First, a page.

Last season he was played far too often in a struggling team, almost always out of position and subsequently out of his depth. Rumours of a swap deal for Dempsey surfaced at the tail end of the summer transfer window, but he’s since pressed on with a fantastic attitude and dragged himself back into the manager’s plans. Tributes must be offered to Rodgers on this. Henderson, Downing and Enrique had pretty low stock after last season. Enrique had started very well for Kenny Dalglish after a transfer from Newcastle but, by close of business in May he was looking like a liability, and fans questioned his future alongside the side’s other new boys.

Since then Rodgers has, as he said so himself, restored value to them. After a wonderfully wacky period in the forward line, Jose Enrique was completely re-energized and looking back to his best. Sadly injury sees him out of action right now, but he’s back on song. Henderson meanwhile is coming into his own with a series of great performances; he’s been key to the recent run of comprehensive victories. Perhaps the most heartening thing for him, aside from the lovely and much deserved standing ovations, is just how many fans were baffled and disappointed to see him left out of the starting lineup against Manchester United. And then there’s Downing who, quite clearly, is as good as he’s ever been for Liverpool. Of course, he’s still a bit anonymous and probably doesn’t have a long term future at the club, but for better or worse he’s never been more productive or useful in a red shirt.

The acquisition of Sturridge has proved a swell move, with very encouraging performances to go alongside three goals in his first three games. Rumour has it there’s more fresh faces on the way, too. Wesley Sneijder was a strong possibility but, after contract negotiations failed to reach a happy compromise, he’s signed for Galatasaray. I hereby offer my approval of FSG’s resolve on this one. All things considered – age, injuries, lack of playing time, MASSIVE WAGES – it was going to be a big risk. Might have been great, but so long as we bring in somebody else we shouldn’t regret it too much. Coutinho seems to be the next target, but you can never be sure. I remember how many medicals Gaston Ramirez had!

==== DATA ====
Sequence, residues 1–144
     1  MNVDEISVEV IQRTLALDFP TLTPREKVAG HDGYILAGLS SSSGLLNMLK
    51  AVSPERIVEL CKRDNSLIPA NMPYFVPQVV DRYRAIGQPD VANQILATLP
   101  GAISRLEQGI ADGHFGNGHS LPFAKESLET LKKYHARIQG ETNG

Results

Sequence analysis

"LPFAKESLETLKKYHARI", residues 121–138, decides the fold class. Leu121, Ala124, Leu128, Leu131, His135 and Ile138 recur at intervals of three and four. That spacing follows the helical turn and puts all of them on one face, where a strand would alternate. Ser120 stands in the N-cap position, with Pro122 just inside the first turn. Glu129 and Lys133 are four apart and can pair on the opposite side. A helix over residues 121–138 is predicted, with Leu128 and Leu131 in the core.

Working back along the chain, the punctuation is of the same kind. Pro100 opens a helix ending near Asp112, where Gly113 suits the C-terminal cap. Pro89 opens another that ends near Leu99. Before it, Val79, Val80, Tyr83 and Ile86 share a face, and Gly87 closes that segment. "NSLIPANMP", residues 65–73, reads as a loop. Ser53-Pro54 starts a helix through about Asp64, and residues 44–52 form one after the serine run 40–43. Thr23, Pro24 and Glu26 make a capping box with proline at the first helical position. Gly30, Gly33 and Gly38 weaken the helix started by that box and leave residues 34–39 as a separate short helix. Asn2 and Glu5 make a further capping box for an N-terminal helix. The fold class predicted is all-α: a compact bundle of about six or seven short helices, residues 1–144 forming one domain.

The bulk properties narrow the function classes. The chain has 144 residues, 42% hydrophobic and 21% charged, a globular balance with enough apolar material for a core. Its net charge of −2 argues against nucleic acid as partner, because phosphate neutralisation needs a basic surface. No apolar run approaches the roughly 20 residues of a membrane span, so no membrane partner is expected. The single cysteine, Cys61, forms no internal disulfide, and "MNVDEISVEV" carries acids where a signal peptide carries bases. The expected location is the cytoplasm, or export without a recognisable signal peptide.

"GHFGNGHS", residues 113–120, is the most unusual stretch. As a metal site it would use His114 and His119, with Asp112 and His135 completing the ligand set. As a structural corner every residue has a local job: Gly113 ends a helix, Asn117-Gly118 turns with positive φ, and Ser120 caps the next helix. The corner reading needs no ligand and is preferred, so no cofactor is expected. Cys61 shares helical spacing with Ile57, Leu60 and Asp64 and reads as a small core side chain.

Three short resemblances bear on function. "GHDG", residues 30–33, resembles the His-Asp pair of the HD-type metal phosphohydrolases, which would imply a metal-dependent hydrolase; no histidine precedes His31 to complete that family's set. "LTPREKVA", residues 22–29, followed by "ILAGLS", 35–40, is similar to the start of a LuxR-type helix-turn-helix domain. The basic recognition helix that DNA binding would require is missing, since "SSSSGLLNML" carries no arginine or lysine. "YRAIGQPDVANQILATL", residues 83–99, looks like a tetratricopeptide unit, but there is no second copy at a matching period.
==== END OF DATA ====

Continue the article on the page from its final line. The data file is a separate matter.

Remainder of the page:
Even when – or rather, if – we bring in more new players, I still don’t expect to see Liverpool’s inconsistencies being fully eradicated. It’s much too early for that. I do, however, see potential for a very strong finish to the season, which will likely see the club pull away from the likes of Swansea and West Bromwich Albion (two great teams this year) and finish in the top seven. Where exactly, is far too close to call, but I wouldn’t bet against the Reds finishing higher than many anticipate.

Liverpool’s inconsistencies, alongside their apparent mental fragility, have seen numerous unacceptable results this season. In manner, if nothing else. Defeat away to Stoke wasn’t the biggest shock, but the gutless manner of it all was certainly a very big disappointment. Elsewhere, a home defeat to a struggling Aston Villa and that opening day defeat to WBA stick in people’s minds. To the casual observer they operate as a barrier, birthing hesitance when it comes to offering Brendan Rodgers or his Liverpool team too much praise.

It’s still early days in his reign but, for me at least, the seeds of real progress are beginning to sprout. Call me naive, optimistic, deluded – whatever you like… I’m too busy enjoying a replay of Jordan Henderson’s goal to care.

What a hit, son. What a hit.